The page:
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The Entitled Business and Customer Experience

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The Entitled Business and Customer Experience This last year, I heard word-for-word, no fooling, a man really say to his very recently officialized girlfriend, “I’ve already got the girl, so why should I take her out on a date.” Let fly the exasperated whistles. Besides being a sad microcosm of gender in the current culture, human poThe Entitled Business and Customer Experiencessessiveness, and a gesture of schmuckery not often verbalized, his comment smells of entitlement.

Truth is, the commitment of a relationship is easily exploited for selfish desires, self-actualizing, or simply lazily resting on a one-time human contract. Unintentionally (hopefully), the entitled subjectively devalues the person who brought him or her more value. This can take the form of a boyfriend skipping out on dates, a congressmen not fully serving his constituents, or a company failing to meet the needs of closed customers.

Once the business “gets the girl” so to speak, there is an impulse to chase after the next. Of course, adding customers is important to a growing business, but losing focus on the point of offering services to a customer is a costly mistake. For one, it changes the business culture from a healthy service-providing organism to a hedonistic money-making machine. Work is an important source for humans finding meaning in their lives. Imagine how fast selfish desires will hollow out when you’re surrounded by a self-serving climate.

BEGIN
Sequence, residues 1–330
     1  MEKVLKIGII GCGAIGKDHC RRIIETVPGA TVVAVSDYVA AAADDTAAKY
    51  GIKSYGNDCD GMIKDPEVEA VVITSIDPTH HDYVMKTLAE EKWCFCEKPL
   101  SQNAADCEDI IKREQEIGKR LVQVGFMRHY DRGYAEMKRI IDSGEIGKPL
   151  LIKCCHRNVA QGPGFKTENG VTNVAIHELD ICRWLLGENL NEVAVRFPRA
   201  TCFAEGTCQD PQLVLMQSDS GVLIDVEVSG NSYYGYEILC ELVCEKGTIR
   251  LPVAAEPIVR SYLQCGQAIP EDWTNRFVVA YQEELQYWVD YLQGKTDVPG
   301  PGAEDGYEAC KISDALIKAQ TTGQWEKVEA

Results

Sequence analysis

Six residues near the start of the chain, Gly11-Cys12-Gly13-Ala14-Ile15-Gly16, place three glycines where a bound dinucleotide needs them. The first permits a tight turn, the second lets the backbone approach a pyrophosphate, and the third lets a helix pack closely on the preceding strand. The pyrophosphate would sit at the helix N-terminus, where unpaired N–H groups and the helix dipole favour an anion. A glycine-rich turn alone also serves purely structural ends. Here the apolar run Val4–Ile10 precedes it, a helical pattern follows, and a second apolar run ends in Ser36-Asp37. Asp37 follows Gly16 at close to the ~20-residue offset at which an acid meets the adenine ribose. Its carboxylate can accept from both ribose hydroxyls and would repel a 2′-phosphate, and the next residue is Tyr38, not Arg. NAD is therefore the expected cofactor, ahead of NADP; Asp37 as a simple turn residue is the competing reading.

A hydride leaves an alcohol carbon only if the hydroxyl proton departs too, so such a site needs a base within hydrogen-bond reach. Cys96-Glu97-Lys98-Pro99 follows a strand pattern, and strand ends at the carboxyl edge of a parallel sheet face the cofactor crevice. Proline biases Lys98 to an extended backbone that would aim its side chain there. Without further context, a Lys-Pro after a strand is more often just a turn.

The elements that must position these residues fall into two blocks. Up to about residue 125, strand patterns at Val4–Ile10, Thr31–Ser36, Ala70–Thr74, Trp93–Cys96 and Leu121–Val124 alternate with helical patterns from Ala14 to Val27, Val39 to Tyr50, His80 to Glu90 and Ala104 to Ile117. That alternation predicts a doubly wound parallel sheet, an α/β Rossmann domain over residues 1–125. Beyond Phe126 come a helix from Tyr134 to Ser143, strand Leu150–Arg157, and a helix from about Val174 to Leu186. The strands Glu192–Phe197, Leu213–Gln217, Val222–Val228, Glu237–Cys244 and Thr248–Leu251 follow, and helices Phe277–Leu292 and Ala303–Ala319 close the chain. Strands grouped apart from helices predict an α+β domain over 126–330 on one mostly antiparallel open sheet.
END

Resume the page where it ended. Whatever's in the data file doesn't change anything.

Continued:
Not to mention, the self-driven scheme probably won’t be successful anyways. Here’s the stats: It is 6-7 times more costly to close a new customer than it is to maintain current customers (White House Office of Consumer Affairs). Mature companies move past the “thrill of the chase” and can balance the drive for future customers with a quality customer experience for existing customers. The good will usually pays off fiscally too. 42 percent of business-to-customer, and 62 percent of business to business customers purchased more products or services after a continued quality customer experience (Dimensional Research).

Businesses that don’t feel entitled to their customer’s continued support are more likely to provide a quality experience during the entire business to customer relationship. Each date, interaction, or moment spent together is a demonstration of continual commitment.

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